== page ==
T-shirts ? Ice cream? Retailers cash in on Juneteenth

NEW YORK — Retailers and marketers were quick to commemorate June 19 with an avalanche of merchandise ranging from ice cream to t-shirts to party mugs.

But many are receiving backlash on social media for what critics say undermines the day, designated a federal holiday last year to honor the emancipation of enslaved African Americans. A search for Juneteenth items among online sellers like Amazon and JC Penney yielded everything from toothpicks with Pan-African flags to party plates and balloons.

Walmart, the nation’s largest retailer, apologized last month after being criticized for a Juneteenth flavor of ice cream – swirled red velvet and cheesecake – under its Great Value store label. Walmart said it was reviewing its product assortment and removing items “where appropriate”. On Thursday, Walmart’s site was still offering plenty of party t-shirts and plates.

Meanwhile, the Children’s Museum of Indianapolis removed a June 19 watermelon salad from its menu and issued a mea culpa earlier this week. In a statement posted on its Facebook page, the museum blamed a failure to oversee vendors, noting that the label and salad had not been reviewed by museum staff.

“We are an imperfect institution, but we are committed to improving and will work tirelessly to earn back your trust,” the museum wrote on its Facebook page.

The backlash comes as companies pledged after the May 2020 police killing of George Floyd to no longer remain silent and pledged to take an active role in confronting and educating customers and employees about the systemic racism. According to preliminary results from a Mercer survey of 200 employers, 33% are offering Juneteenth as paid time off to their staff. That’s up from 9% last year in a survey of more than 400 businesses conducted shortly before June 19 was declared a federal holiday.

At the same time, many enjoyed a holiday that black Americans have observed since June 19, 1865, when Union Major General Gordon Granger proclaimed freedom for slaves in Galveston, Texas, in accordance with President Abraham Lincoln’s Emancipation Proclamation of 1863.

Many experts believe that if retailers and other merchants plan to recognize the day, they should either sell merchandise from black-owned businesses or invest in campaigns that would help black communities. Amazon. for example, has a black-owned retail storefront that is open year-round for customers to support and buy from black-owned businesses that sell on the site.

“It’s a serious and thoughtful moment – I’m excited and grateful for this recognition,” said Ramon Manning, chairman of the board of Emancipation Park Conservancy, a nonprofit aimed at restoring the park, which was purchased in 1872 by a group of former slaves to commemorate the anniversary of their emancipation.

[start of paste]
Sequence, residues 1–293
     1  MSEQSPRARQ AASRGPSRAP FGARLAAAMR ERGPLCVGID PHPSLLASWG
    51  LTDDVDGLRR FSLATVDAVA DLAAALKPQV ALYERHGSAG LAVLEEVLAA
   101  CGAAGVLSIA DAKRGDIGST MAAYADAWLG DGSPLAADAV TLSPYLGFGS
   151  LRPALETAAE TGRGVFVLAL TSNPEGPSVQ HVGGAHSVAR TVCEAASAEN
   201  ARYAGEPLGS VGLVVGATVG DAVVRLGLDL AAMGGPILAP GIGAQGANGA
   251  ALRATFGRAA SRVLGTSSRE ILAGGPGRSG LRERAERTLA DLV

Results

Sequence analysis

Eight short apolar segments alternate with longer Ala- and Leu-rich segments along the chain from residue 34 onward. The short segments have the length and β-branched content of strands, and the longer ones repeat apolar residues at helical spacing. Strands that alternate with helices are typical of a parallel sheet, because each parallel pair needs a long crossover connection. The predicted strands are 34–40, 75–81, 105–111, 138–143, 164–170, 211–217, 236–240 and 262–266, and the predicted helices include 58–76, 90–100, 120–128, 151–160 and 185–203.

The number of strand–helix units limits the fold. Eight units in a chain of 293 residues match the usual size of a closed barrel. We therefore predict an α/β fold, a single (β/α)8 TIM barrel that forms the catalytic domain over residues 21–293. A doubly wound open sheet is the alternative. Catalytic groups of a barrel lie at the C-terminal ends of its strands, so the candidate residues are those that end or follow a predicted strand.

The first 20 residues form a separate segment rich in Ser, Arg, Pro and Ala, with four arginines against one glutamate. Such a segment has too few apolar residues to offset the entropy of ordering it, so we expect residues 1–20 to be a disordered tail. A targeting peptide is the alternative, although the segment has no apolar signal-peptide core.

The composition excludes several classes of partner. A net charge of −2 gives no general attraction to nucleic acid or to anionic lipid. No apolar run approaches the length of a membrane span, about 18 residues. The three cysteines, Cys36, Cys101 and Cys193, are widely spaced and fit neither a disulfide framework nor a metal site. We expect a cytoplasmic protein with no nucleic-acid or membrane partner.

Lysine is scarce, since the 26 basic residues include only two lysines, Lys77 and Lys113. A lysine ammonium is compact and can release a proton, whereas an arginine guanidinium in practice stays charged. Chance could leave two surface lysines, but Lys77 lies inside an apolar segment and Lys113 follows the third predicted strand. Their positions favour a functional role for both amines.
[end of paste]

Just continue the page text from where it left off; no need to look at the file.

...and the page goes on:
“However, I feel like it also brings all the other opportunists out of the woodwork as well, more so than people looking at the history of this country and looking at where a group of people are coming from,” he said. added.

Manning, who is also founder and chairman of Ridgegate Capital, a private equity fund, further wondered, “Who is this going to benefit?

Sheryl Daija, founder and CEO of Bridge, a group of marketing and diversity, equity and inclusion leaders, noted that there was a mismatch between the seriousness of the vacation and the merchandise on display.

“A lot of companies have good intentions, but unfortunately good intentions can go wrong, and that’s what we’ve seen,” said Daija, who found Walmart’s Juneteenth ice cream particularly egregious because it used the holiday moniker to mark a new flavor of ice cream. .

Companies have long marketed holidays and other times in order to profit from them. Take Cinco de Mayo, which has become a celebration of all things Mexican in the United States, with businesses selling everything from beans to beer to sombrero hats. The holiday has spread from the American Southwest, though most have no idea of ​​its original ties to the American Civil War, abolition, and the promotion of black civil rights. In fact, it is often confused with Mexican Independence Day.

Meanwhile, every October, retailers are flooded with pink merchandise to celebrate Breast Cancer Awareness Month, but critics say many are making misleading claims about supporting cancer groups. And Memorial Day, a federal holiday designated to mourn American military personnel who have died while serving in the US Armed Forces, has turned into all-day mattress sales at stores.

But what makes the companies’ decision to capitalize on June 19 worse is that it comes as the United States remains plagued by racial tensions, said Darnise Martin, clinical associate professor of African American studies. at Loyola Marymount University in Los Angeles.

“It’s weird to sell around that, but that’s what America does,” Martin said.

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